1463 Is considered the year that the painting was finished. This is based upon the last words being "Anno Domini MCCCCLXIII in vigilia Assumcionis Marie", which means the evening before the day of Mary's Ascension, 14th august 1463.
The text doesn't say clearly that the work was finished that day, and since the year 1463 was a plague year, it might as well be the year that the work was begun.
The artist is assumed to be Bernt Notke. The author is unknown.
1489 Publication of Des dodes dantz.
1520 Publication of Dodendantz.
1550 Publication of Copenhagen's Dance of Death (approx.).
1634 Publication of Dødedantz.
After several centuries of maintenance, the painting
was in so bad a condition that it had to be replaced.
The preacher of the church, Jacob von Melle, wrote down as much of the text
as he was able to make out. Out of the first 180 lines, he was only able to read four:
To dessem Dansse rope ik alghemene
Pawest, Keiser unde alle Creaturen
Arme, Rike, grote unde klene
Tredet vort, wente nu en helpet nen truren.
Anton Wortmann executed the new painting and copied persons, backgrounds and clothing carefully. A new text in High German, written by Nathanael Schlott replaced the old Low German text.
1738 Publication of Den Lybekske Dødning-Dantz - a Danish translation of Schlott's poem.
1783 The first person to reproduce the painting was Ludewig Suhl.
1799 A door in the church wall was expanded. In order to make room, a piece of the painting was cut out, namely the duke and one Death.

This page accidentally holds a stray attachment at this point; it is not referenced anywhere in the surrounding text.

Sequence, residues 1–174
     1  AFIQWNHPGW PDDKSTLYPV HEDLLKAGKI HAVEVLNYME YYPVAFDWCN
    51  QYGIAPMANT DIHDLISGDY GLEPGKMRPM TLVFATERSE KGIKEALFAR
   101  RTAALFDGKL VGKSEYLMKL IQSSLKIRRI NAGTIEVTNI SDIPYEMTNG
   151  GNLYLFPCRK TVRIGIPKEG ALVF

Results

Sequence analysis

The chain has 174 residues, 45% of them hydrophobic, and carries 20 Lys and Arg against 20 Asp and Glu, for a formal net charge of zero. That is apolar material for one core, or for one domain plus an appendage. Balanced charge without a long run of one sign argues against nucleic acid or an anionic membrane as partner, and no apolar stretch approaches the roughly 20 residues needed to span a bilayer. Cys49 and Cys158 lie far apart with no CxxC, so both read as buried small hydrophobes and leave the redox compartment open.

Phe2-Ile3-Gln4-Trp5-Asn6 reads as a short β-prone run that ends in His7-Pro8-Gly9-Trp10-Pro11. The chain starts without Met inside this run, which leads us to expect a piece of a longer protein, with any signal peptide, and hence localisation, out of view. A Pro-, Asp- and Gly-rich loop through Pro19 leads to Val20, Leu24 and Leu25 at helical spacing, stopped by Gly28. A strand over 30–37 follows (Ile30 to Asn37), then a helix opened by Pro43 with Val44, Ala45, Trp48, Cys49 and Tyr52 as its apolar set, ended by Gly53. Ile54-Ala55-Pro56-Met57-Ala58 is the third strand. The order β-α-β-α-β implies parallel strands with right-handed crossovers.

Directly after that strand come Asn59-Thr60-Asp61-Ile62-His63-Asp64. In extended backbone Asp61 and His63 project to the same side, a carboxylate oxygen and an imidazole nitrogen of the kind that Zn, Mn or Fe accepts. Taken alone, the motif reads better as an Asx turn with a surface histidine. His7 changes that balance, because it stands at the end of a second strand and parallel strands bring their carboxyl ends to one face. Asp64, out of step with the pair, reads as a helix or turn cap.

1852 The last person to restore the painting ever was by C. J. Milde, who then made a drawing of the painting, which is said to have surpassed all other reproductions.
This drawing disappeared (like many other things) during World War II.
1866 The serious research starts with Wilhelm Mantels publishing Der Todtentanz in der Marienkirche zu Lübeck.
The book included Milde's drawing - reproduced as 8 black and white lithographs.
1868 The first person to make a colour reproduction (primitive as it may be) was Robert Geißler.
19.. Between the two world wars, Wilhelm Castelli took some very detailed (black and white) pictures of the painting, and this was lucky because ......
1942 Arthur "Butcher" Harris was appointed chief of English Bomber Command and chose Lübeck to test the new program of terror bombing. Lübeck, having no military importance, was selected because its timbered, medieval buildings made it a good target for incendiaries.
Lübeck was bombarded Palm Sunday, the night between March 28th and 29th. The church of St. Mary was hit and the painting was destroyed.
1952 Between 1952 and 1956 Alfred Mahlau created two stained glass windows in the chapel of the dance of death.
The photos show St. Mary's Church before and after the war. Three of the pictures are taken from the tower of St. Peter's Church, and here the spire from St. Jacob's Church can be seen in the background. Notice that on the fourth picture, the ridge turret on the roof of St. Mary's is still missing.
A comparison of picture 1 with picture 4 and 5 reveals that St. Mary's Church has been restored to its former self but that, unfortunately, this is not true for all the buildings surrounding the church.